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Cancer Ward is also based on Solzhenitsyn’s personal experiences, this time on his bout with cancer. The protagonist, Oleg Kostoglotov, a thirty-four-year-old political exile, is afflicted with cancer in the prime of his life and approaches it with a mixture of hope and despair. The entire novel takes place in a cancer hospital separated from the world; this circumstance makes for an oppressive atmosphere of isolation, but it also enables the patients to turn inward and reexamine their past. Solzhenitsyn again creates a score of characters, each different in his or her reaction to the illness and in the ability to cope with it, yet all coming to the same conclusion that this experience is an ultimate test of their will to survive, not all of which depends on the doctors and medicines alone. Predictably, all patients show different fortitude and reaction to the blow that fate has dealt them.

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In addition to the patients’ silent but excruciating process of reexamination, there is a relationship between doctors and patients to be considered. All doctors make gallant efforts to save their patients, fully aware that their resources are limited; in fact, the main doctor eventually succumbs to cancer herself. Solzhenitsyn uses this relationship to test the ability of medical science to save lives, and also to voice, through Kostoglotov and the doctors, his views about the meaning of life in general. The final outcome, illustrated by the protagonist’s (and Solzhenitsyn’s) seeming conquest of the disease, indicates a hope that even such calamitous misfortune can be successfully averted, if only temporarily; the main thing is to keep fighting.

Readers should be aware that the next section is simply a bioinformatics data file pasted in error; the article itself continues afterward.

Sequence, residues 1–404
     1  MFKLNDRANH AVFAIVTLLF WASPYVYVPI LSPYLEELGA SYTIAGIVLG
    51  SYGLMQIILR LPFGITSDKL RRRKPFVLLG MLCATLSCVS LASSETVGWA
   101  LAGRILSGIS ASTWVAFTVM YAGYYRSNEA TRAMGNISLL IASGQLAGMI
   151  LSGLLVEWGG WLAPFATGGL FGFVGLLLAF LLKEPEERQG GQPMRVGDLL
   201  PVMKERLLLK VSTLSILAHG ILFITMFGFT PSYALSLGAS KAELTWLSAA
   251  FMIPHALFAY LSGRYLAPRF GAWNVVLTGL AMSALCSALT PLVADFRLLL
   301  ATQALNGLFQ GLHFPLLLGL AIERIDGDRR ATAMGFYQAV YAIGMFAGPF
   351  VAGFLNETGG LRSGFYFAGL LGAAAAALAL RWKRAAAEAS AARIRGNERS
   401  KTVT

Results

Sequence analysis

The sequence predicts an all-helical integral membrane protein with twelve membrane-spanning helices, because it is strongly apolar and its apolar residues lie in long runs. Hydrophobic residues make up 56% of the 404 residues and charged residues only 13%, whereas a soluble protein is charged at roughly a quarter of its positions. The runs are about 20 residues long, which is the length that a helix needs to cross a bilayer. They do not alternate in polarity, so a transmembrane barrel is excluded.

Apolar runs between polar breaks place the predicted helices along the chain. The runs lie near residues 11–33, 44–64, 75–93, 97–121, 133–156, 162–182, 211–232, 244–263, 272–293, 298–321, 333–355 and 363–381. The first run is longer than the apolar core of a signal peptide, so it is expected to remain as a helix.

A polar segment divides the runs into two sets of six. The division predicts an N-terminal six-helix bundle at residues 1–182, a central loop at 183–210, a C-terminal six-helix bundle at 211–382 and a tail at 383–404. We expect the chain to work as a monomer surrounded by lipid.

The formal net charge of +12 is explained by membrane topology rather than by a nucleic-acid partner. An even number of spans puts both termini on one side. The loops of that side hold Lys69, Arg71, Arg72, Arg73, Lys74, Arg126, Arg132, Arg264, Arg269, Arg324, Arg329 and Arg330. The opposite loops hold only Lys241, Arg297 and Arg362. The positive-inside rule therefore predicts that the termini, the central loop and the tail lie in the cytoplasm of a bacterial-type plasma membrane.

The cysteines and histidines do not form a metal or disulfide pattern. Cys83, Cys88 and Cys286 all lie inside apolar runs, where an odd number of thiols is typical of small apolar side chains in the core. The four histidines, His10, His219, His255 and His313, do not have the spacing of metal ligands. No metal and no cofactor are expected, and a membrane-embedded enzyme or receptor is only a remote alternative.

There is a much wider interpretation of Cancer Ward. In limiting the action to the hospital inhabited by patients from all walks of life, Solzhenitsyn creates a microcosm in many ways resembling the larger world outside. By forcing patients to wrestle with existential topics such as the meaning of life and death, guilt, punishment, and the relationship between human beings, he symbolically transfers the focus to the whole state, the macrocosm of the Soviet Union. The implication is that the entire state is stricken with a deadly disease and that the only way to overcome it is by reexamining the basic premises of its existence and by fighting through determination and hope toward healing. The brotherhood of pain and the common menace of death thus become the only way of realizing the severity of affliction, personified best by the painful reevaluating process of the main character, Kostoglotov. His insistence on knowing everything about his illness, for example, is a reflection on his suppressed right as a citizen to know the truth.

The supporting cast of characters fits this scheme. A former high official, Pavel Nikolaevich Rusinov, represents the unfeeling ruling class unable to understand how disease can afflict them also. The two chief doctors, Ludmila Afanasyevna Dontsova and Vera Kornilovna Gangart, do everything in their power to help, that is, to right the wrong. The young boy Dyomka, dying from leg cancer contracted by playing football, symbolizes the heavy price that the future of the nation has to pay. Several other patients demonstrate, one way or another, the generality of affliction and the common effort necessary for restoration to health.

To reduce the interpretation of Cancer Ward to political symbolism, however, robs it of its much wider application. The novel also applies to all humankind and, in doing so, attains a universal meaning.


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Cancer Ward is what its title suggests: an exploration of an institution devoted to the care of cancer patients. In this public institution, people from all levels of society find themselves in the same predicament, struck down by a disease that terrorizes and enervates them. The doctors in the ward do their best to...

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